While Most-Híd agreed on its candidate list without arousing much media controversy, the opposite was true for the KDH.
KDH unity questioned
One day before the KDH’s republican council convened to discuss and pass the movement’s candidate list for the election, deputy chairman Daniel Lipšic, who is regarded by observers as the leader of its ‘young wing’, gave an interview to the Sme daily in which he said he was ready to quit the party and politics altogether if Jana Žitňanská, Radoslav Procházka and Karol Hirman were not offered higher places on the slate than the ones they were originally given by the party leadership.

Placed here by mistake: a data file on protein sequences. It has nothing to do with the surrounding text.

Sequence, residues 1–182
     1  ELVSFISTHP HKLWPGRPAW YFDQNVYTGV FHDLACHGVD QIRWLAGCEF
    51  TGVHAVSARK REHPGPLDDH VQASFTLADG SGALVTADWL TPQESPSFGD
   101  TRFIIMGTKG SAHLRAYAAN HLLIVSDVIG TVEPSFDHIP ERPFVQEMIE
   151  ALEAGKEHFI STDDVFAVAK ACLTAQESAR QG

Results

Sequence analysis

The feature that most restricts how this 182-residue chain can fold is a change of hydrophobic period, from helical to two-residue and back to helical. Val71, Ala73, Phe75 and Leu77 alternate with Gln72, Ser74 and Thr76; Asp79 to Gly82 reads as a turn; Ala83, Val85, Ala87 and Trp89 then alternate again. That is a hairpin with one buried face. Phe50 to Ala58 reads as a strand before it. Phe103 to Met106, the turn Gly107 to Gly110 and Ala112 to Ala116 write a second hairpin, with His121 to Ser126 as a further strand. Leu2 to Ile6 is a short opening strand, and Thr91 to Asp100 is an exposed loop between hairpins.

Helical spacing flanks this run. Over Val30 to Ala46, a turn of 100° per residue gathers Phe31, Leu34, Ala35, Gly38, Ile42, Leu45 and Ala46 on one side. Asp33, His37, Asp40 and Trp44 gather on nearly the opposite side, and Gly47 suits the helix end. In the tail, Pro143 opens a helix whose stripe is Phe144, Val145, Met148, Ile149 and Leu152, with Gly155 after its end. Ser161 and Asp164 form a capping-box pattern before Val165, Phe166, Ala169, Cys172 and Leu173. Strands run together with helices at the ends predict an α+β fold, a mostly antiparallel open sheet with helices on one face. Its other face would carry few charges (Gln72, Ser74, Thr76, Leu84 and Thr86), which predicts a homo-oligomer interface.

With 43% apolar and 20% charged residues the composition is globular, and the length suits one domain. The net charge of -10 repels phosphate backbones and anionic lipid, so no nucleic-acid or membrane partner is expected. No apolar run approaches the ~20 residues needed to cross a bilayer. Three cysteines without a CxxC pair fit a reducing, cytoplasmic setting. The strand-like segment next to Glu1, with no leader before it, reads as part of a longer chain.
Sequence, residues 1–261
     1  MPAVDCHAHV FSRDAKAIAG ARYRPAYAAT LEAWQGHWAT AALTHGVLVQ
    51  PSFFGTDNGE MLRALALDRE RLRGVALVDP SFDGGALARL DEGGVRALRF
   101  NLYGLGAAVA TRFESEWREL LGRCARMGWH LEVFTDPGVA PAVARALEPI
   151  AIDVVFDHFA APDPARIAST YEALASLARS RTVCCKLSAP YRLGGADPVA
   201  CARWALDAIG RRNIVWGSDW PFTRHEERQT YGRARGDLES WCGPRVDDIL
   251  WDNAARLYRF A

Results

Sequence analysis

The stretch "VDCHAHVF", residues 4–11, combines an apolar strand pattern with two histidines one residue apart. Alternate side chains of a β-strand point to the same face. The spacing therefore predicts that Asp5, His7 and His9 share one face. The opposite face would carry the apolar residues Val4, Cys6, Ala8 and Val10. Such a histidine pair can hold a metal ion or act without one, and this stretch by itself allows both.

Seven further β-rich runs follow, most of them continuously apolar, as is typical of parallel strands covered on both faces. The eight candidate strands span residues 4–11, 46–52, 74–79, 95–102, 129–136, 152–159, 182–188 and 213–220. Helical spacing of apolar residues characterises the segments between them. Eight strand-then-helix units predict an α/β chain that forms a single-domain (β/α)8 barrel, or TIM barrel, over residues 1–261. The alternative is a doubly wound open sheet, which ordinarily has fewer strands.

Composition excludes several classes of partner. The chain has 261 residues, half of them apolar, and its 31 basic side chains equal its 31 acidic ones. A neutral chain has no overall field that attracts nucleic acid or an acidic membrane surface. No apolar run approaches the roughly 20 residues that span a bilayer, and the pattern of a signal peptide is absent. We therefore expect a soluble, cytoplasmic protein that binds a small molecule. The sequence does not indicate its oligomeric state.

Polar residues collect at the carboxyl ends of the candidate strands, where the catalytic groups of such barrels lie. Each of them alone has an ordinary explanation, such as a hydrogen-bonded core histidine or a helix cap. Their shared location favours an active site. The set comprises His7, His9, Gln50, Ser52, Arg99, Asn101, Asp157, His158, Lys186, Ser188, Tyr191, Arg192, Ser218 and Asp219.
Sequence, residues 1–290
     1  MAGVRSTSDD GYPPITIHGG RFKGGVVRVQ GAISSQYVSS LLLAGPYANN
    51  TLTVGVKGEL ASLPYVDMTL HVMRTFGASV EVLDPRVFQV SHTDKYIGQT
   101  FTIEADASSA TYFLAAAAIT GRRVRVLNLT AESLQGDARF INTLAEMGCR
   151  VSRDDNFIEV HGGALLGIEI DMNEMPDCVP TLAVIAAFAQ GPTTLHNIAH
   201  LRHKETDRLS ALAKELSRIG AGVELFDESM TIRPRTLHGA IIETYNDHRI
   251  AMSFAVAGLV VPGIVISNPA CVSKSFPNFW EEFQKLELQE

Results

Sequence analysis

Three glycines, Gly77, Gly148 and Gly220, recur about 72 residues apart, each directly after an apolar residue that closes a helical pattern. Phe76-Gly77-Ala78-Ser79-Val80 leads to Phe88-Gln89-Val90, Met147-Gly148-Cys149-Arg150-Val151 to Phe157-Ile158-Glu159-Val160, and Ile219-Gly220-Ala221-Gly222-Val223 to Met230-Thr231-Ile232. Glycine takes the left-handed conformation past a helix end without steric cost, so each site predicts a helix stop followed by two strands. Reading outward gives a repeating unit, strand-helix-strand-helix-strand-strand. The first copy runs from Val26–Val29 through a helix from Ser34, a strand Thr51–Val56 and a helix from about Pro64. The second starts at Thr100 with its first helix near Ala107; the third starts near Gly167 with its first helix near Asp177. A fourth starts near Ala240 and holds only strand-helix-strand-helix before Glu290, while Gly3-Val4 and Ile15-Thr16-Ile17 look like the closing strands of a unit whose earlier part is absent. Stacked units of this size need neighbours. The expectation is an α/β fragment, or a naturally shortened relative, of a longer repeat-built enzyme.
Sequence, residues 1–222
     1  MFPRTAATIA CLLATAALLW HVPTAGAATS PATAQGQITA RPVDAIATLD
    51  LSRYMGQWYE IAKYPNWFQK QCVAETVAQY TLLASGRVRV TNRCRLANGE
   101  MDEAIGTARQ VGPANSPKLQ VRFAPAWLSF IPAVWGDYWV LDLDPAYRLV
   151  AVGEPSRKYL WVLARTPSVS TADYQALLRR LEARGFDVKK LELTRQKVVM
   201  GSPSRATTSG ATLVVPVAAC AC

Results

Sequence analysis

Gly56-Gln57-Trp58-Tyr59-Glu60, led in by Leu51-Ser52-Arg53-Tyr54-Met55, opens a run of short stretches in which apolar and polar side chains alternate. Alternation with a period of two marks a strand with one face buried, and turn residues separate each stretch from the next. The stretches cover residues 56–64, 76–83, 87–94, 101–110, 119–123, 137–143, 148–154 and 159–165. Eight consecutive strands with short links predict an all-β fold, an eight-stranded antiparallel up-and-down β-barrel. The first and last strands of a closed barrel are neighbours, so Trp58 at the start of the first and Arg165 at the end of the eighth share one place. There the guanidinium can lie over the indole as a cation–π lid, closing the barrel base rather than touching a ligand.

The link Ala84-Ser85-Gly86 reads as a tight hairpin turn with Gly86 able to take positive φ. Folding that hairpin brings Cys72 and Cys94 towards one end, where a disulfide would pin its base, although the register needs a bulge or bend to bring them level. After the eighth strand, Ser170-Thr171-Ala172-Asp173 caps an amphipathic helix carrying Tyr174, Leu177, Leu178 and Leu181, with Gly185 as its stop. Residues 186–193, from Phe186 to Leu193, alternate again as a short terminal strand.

“I feel like people who are reluctant about a potential broad coalition with [opposition party] Smer are somehow moved to lower positions despite the fact that they are persons who had many preferential votes and who belong among the most popular [people] in the movement,” Lipšic, who is the current interior minister, told Sme.
Lipšic’s possible departure from politics thus became the topic of that day, since he is one of the KDH’s most popular politicians. In the 2010 elections he received the second highest number of preferential votes, almost 76,000.
Following the session of the council, which took place behind closed doors, Lipšic said he was staying and called the final candidate list a “good offer” which brings “a combination of continuity and change”, adding that two MPs whom he considers the movement’s most successful are in the top ten: Žitňanská will run in eighth and Procházka gets tenth place on the KDH slate.